How We’re Working Towards Circularity In Fashion - Hew Clothing

October 08, 2021

Waste is one of the biggest problems in the fashion industry. Circularity is the term that describes the movement that’s trying to fix that, but how exactly, and what are we at HEW doing to work towards circularity in fashion?

There are two kinds of production chains: linear and circular. Linear is the kind of production chain we are used to: we use raw materials to make a product, we sell that product, the customer uses that product, the customer throws that product away, and the lifecycle ends. It’s a straight line, often to landfill.

Alternately, circular is the kind of production chain where we consider the end-of-life of the product, and try to ensure that the end of life can contribute to the start-of-life again, creating a circle – or circular! – lifecycle for the product. 

 


It is critical that we move towards circular production chains in fashion. In Australia, on average, we each throw out 23kg worth of clothing a year (source: ABC War on Waste), which ends up in landfill. We need to stop clothing going to landfill, or reducing its impact if it does go to landfill, in order to create a more sustainable fashion industry, and here are a few ways we can do this.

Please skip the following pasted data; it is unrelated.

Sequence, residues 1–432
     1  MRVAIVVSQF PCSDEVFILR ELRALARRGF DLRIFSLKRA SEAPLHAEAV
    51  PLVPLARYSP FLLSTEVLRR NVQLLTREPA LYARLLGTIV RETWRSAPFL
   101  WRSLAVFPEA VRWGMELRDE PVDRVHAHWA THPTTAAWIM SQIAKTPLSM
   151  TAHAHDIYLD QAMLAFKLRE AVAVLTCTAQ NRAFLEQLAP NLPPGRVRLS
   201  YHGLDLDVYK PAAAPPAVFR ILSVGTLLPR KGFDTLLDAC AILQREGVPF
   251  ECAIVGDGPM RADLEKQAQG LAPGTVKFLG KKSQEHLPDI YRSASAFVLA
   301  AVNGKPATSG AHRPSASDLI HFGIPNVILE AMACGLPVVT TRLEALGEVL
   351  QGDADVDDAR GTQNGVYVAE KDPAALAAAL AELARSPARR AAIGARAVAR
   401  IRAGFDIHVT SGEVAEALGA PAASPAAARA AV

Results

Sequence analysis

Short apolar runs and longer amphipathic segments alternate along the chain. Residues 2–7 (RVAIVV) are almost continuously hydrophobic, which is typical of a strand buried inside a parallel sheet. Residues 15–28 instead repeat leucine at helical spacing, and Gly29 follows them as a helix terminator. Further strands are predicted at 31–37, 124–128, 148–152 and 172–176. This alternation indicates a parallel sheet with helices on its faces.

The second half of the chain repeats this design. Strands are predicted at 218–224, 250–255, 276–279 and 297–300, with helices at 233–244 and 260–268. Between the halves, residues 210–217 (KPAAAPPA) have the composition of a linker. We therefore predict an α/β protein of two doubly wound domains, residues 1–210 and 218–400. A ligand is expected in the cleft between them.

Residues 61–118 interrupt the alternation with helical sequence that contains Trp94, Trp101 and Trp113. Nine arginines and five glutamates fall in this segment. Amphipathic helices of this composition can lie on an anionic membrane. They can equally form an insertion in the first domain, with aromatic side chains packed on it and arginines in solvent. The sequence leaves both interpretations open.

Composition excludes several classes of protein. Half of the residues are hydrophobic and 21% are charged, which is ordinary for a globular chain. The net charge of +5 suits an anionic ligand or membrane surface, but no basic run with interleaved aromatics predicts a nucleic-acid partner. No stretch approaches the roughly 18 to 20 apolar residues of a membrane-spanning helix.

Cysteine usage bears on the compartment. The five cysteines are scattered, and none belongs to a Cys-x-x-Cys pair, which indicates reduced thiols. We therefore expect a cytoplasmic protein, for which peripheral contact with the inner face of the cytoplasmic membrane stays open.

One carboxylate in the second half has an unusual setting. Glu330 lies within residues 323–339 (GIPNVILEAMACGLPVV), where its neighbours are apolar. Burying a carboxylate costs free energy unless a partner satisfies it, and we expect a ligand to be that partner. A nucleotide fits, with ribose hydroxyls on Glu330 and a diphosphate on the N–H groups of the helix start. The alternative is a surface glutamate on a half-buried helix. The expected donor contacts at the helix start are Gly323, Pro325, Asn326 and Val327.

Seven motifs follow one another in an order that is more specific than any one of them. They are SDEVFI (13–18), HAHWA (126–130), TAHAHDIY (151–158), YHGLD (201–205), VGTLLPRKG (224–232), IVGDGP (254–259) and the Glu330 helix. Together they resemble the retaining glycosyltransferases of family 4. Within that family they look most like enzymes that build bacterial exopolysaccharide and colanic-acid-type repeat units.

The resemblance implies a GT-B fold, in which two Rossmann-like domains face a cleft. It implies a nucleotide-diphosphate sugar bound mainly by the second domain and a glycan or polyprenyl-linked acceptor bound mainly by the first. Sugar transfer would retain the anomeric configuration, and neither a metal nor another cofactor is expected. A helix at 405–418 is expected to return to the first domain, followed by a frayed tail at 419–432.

Use natural, preferably sustainable fabrics, because these biodegrade, reducing end-of-life impact. At HEW, we only use natural fabrics, including linen and cotton. We’re taking this one step further, too, by moving our finishings to biodegradable alternatives, including the use of biodegradable bamboo buttons, which look really great too (it’s a win-win).

Buy less, buy better. At Hew, we design pieces that can be worn a bunch of different ways, all year around, so our customers can keep their cost-per-wear game strong and reduce their wardrobes’ impacts simultaneously. It’s a win-win.

Create a second life for our pieces. We run a workshop on Instagram called Upcycle Sunday (join us this week!) where our designer Ema Hewitt introduces ways we can get new life out of old clothes with pretty simple things like tie-dying, slight alterations, and more. Follow along for some inspiration, which doubles as a lockdown activity, too!

 

 


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